Bristol-Myers Squibb v Superior Court of CA

Will the Bristol-Myers Decision of Personal Jurisdiction Further Consolidate Litigation in MDLs?

by Jeffrey Travers and Michael J. Miller

We were able to obtain a verdict for Mr. Cooper within a year of opting for the state courts.

Bristol-Myers MDLs

Divide and Conquer: Plaintiffs Need a Single Forum that Accommodates the Realities of Contemporary Economic Activity

by David A. Mazie and David M. Estes

The growth of mass tort litigation tracks with industries’ shift to mass marketing and distribution of pharmaceutical and consumer products on a national scale.

Contemporary Economic Activity

Supreme Court further Restricts Where Plaintiffs Can Sue in Mass Torts

by Gregory Bubalo and Katherine A. Dunnington

Bristol-Myers Squibb Co. v. Superior Court of California will significantly impact the plaintiffs’ choices of forums for the filing of mass torts actions.

Plaintiffs No Longer Sue in Mass Torts

Bristol-Myers Squibb Co. v. Superior Court of California, San Francisco

by Clifford J. Zatz and Josh Thomas Foust

The decision “may make it impossible to bring certain mass actions at all.”

Bristol-Myers Squibb Co. Mass Tort

Trending Articles

How Palworld Is Testing the Limits of Nintendo’s Legal Power

by Gregory Sirico

Many are calling the new game Palworld “Pokémon GO with guns,” noting the games striking similarities. Experts speculate how Nintendo could take legal action.

Animated figures with guns stand on top of creatures

Announcing the 2023 The Best Lawyers in America Honorees

by Best Lawyers

Only the top 5.3% of all practicing lawyers in the U.S. were selected by their peers for inclusion in the 29th edition of The Best Lawyers in America®.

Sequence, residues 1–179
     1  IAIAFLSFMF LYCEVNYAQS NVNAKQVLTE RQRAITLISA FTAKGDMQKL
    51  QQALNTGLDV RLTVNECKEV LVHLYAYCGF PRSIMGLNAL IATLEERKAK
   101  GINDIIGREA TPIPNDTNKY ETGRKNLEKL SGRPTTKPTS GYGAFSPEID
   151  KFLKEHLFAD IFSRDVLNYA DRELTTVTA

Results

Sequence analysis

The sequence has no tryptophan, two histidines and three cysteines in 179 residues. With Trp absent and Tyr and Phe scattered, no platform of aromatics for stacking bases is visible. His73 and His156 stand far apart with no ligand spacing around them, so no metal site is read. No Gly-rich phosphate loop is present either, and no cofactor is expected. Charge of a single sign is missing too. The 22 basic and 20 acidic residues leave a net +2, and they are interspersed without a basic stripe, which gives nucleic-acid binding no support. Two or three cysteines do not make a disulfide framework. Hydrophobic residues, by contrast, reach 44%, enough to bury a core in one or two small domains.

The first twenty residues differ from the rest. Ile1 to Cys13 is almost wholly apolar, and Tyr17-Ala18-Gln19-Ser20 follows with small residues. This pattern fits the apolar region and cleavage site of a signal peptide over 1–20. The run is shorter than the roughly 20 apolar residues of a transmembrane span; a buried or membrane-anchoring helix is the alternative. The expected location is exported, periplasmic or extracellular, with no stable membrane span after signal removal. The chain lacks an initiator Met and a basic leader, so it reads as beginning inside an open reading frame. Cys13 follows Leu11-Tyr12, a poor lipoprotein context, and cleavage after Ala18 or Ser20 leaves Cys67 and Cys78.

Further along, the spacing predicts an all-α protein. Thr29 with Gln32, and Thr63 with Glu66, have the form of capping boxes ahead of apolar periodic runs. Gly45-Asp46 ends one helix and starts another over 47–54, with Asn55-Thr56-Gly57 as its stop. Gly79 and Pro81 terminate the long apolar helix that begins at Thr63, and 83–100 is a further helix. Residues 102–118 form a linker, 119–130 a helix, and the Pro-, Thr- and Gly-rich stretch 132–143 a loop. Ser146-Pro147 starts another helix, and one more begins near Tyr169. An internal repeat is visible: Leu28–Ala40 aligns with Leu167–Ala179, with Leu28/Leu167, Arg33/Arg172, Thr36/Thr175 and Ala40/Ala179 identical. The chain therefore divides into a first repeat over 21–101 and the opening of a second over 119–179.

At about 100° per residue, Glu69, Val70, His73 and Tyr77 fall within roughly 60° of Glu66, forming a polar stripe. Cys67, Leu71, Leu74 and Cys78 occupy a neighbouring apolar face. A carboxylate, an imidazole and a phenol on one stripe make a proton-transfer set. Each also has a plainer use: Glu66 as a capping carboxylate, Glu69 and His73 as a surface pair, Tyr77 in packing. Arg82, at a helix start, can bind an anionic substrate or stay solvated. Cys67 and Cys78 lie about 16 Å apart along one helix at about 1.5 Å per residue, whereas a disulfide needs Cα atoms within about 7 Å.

Gold strings and dots connecting to form US map

The U.S. Best Lawyers Voting Season Is Open

by Best Lawyers

The voting season for the 31st edition of The Best Lawyers in America® and the 5th edition of Best Lawyers: Ones to Watch® in America is officially underway, and we are offering some helpful advice to this year’s voters.

Golden figures of people standing on blue surface connected by white lines

Announcing the 2022 Best Lawyers® in the United States

by Best Lawyers

The results include an elite field of top lawyers listed in the 28th Edition of The Best Lawyers in America® and in the 2nd Edition of Best Lawyers: Ones to Watch in America for 2022.

2022 Best Lawyers Listings for United States

How To Find A Pro Bono Lawyer

by Best Lawyers

Best Lawyers dives into the vital role pro bono lawyers play in ensuring access to justice for all and the transformative impact they have on communities.

Hands joined around a table with phone, paper, pen and glasses

What the Courts Say About Recording in the Classroom